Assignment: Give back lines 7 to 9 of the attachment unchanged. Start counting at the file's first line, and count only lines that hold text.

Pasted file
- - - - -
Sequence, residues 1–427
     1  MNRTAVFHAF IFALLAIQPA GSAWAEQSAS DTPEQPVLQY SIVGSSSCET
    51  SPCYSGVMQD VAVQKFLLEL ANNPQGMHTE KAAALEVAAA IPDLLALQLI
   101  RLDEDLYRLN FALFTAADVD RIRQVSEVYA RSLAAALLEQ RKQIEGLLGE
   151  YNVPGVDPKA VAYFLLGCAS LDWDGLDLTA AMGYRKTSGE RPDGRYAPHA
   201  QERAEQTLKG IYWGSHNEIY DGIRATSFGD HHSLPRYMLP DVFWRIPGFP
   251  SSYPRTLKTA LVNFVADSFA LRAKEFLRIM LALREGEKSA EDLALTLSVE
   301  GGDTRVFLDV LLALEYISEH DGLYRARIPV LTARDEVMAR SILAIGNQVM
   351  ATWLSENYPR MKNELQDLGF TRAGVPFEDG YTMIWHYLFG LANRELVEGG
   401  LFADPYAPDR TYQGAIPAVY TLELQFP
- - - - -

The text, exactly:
   251  SSYPRTLKTA LVNFVADSFA LRAKEFLRIM LALREGEKSA EDLALTLSVE
   301  GGDTRVFLDV LLALEYISEH DGLYRARIPV LTARDEVMAR SILAIGNQVM
   351  ATWLSENYPR MKNELQDLGF TRAGVPFEDG YTMIWHYLFG LANRELVEGG